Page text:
How can something good come from something bad? We recognize the tragedy of the COVID-19 pandemic as a global health crisis; however, it is also important to note the other resulting impacts brought about by the global safety precautions. Financial, social, situational and many other factors were influenced by the pandemic. However, if society gains insight from all this, then something good can come out of this pandemic.
The typical working day has changed drastically for the majority of professionals. The transition to an online working environment has brought many challenges, and most of us are ready to go back to the way things were before the pandemic. But wouldn’t it be a shame if we didn’t learn from and explore opportunities that arise from the pandemic’s situational impact?
To understand improvement opportunities, we must be able to indicate what is wrong with the original method of working, and more specifically with E-learning. According to research conducted by e-student1, the main problems people are faced with during E-Learning are:
I happen to have experienced this myself. In the past year, I have spent the entirety of my first year of university online. In addition, my engagement in Pink E-Learning gave me the opportunity to look ‘behind the scenes’ of setting up an online learning environment. With the knowledge and experience I gained, I listed a few measures that companies can take to avoid the common pitfalls.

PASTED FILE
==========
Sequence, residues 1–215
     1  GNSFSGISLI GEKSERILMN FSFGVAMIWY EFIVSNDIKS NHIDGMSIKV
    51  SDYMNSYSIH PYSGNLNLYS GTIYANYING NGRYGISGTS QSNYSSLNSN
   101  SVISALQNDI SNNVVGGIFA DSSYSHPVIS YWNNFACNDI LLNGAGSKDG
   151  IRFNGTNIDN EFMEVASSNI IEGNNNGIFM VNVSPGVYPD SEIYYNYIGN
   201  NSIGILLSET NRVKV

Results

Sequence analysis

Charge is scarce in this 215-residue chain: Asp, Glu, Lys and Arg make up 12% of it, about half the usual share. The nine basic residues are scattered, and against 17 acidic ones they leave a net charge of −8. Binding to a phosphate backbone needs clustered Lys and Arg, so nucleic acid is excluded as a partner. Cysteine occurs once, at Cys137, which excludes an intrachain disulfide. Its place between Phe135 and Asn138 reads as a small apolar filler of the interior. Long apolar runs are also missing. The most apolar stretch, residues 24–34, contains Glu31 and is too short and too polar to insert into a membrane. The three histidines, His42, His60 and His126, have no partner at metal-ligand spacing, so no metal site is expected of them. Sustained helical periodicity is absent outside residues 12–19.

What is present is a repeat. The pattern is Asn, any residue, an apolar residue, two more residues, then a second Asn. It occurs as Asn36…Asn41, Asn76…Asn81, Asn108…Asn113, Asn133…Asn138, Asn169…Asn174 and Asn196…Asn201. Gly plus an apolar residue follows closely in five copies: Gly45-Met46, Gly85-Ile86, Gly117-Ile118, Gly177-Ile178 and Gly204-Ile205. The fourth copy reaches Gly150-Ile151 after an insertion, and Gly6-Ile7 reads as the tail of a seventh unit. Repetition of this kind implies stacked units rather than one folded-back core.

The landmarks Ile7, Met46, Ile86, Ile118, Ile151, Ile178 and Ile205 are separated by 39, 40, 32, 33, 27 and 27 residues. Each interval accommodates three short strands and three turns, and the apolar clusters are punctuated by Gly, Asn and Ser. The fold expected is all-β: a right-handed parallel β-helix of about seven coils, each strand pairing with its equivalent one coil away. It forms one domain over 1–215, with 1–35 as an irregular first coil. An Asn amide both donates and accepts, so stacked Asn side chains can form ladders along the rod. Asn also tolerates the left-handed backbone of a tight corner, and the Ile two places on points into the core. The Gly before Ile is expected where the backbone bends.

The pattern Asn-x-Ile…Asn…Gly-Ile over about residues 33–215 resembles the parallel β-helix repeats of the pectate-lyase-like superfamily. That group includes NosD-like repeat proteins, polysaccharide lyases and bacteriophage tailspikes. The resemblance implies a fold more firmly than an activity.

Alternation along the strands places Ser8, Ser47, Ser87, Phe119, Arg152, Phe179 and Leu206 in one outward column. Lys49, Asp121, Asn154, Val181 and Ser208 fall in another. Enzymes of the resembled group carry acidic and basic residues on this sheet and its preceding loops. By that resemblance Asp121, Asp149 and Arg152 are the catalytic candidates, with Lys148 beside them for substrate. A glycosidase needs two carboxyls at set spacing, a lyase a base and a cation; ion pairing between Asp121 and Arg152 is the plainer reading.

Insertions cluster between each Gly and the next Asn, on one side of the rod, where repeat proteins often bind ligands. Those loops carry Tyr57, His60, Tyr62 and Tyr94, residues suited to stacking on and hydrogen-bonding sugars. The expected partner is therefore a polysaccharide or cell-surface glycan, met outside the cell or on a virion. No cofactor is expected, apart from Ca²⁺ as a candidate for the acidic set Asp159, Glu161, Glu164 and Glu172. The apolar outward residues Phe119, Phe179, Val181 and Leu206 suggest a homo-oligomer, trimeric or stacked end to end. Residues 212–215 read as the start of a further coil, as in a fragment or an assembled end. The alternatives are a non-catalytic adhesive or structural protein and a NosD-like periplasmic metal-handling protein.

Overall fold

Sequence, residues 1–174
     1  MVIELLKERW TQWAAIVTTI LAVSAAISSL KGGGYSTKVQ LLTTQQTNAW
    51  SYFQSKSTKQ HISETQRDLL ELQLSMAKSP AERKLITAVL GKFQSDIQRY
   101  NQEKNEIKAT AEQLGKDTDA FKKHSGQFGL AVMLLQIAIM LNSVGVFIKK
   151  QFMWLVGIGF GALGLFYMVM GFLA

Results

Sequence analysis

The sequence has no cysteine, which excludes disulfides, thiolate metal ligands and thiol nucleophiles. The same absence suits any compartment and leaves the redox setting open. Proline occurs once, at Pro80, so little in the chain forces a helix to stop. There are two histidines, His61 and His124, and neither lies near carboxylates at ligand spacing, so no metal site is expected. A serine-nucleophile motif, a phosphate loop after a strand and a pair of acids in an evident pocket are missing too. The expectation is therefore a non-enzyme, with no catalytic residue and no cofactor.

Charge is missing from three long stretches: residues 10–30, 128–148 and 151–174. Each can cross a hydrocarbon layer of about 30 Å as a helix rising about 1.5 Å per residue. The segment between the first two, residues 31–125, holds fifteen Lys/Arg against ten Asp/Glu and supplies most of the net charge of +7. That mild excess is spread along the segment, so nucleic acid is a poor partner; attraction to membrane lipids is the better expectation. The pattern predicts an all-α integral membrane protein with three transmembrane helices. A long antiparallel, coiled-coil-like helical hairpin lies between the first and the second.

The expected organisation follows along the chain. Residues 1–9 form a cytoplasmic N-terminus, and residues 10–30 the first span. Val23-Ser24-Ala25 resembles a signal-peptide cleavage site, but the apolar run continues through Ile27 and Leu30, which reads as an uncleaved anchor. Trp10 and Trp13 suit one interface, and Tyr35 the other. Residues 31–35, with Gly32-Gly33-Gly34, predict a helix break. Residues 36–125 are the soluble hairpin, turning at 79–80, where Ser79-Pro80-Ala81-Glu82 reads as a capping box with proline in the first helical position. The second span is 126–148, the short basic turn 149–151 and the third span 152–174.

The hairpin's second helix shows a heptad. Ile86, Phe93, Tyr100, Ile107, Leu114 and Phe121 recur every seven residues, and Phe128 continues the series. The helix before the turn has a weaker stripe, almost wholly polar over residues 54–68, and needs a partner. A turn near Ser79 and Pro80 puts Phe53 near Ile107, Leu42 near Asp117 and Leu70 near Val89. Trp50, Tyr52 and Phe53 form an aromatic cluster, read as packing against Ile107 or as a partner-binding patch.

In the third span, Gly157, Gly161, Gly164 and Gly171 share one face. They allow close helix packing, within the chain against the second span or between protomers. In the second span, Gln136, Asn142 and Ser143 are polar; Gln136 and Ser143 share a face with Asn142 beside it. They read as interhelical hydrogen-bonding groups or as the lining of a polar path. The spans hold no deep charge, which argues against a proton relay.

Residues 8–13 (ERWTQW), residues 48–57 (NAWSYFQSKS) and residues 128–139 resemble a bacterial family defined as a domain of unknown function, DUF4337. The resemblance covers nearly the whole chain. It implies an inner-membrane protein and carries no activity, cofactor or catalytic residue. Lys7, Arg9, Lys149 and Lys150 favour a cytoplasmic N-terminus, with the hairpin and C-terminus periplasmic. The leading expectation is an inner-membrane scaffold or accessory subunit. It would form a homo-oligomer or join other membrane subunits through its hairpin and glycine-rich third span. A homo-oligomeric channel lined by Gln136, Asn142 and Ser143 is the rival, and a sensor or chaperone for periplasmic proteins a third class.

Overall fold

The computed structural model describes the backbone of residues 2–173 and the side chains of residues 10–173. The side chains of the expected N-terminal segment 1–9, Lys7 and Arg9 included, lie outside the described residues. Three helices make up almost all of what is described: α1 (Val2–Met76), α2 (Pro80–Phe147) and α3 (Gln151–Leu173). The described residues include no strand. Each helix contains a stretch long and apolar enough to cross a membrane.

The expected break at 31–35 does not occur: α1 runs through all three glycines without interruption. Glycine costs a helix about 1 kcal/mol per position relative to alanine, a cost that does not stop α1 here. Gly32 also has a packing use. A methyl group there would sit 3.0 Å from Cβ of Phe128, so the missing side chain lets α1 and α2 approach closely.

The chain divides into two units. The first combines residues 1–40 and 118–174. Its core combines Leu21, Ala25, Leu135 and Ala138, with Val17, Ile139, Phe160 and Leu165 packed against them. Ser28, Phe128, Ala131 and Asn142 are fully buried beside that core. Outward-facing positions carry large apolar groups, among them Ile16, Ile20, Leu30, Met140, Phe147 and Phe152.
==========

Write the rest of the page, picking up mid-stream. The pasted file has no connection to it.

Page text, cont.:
I find it very important that within an organization people can give each other feedback in a learning environment. The option to review answers from your peers, colleagues or leaders and to receive feedback on your own progress in return is essential to address the impersonality of online learning. The more opportunities an E-Learning has to collaborate, review, or share progress, the more it can lead to real life learning and collaboration.
Luckily, the majority of E-learning companies allow participants to learn when they see fit. Having said that, people also need to be able to find the time to learn on their own. This is a challenge that the organization and the individual need to tackle. On an organizational level, companies need to realize that giving their people the opportunity for self-development does not just mean purchasing and providing E-Learnings, but also incorporating learning as an essential part of their culture and daily routines. Establishing successful learning routines is also a task of the individual learner. It often makes sense for an individual to complete a course on time management and activity planning to be able to follow through on essential learning activities later on.
I believe that the desire to learn should come from the individual rather than forced upon by a higher authority or the E-learning organization. Since the student is not controlled by fixed course timings, his or her intrinsic motivation must be high. It helps if the learning content is divided into small and attractive modules that have to be passed. Provide inspiring components, such as fun questions, intriguing videos, games or opportunities to collaborate online to complete a work-related challenge.
Overall, from my personal experience, I think that the idea of online learning is extremely underrated. I think the freedom to choose when to work is very important for each individual. It allows them to work when they want and explore their other interests on their own time. Especially when the individual takes initiative and expresses interest in learning, the entire process is extremely prosperous and efficient.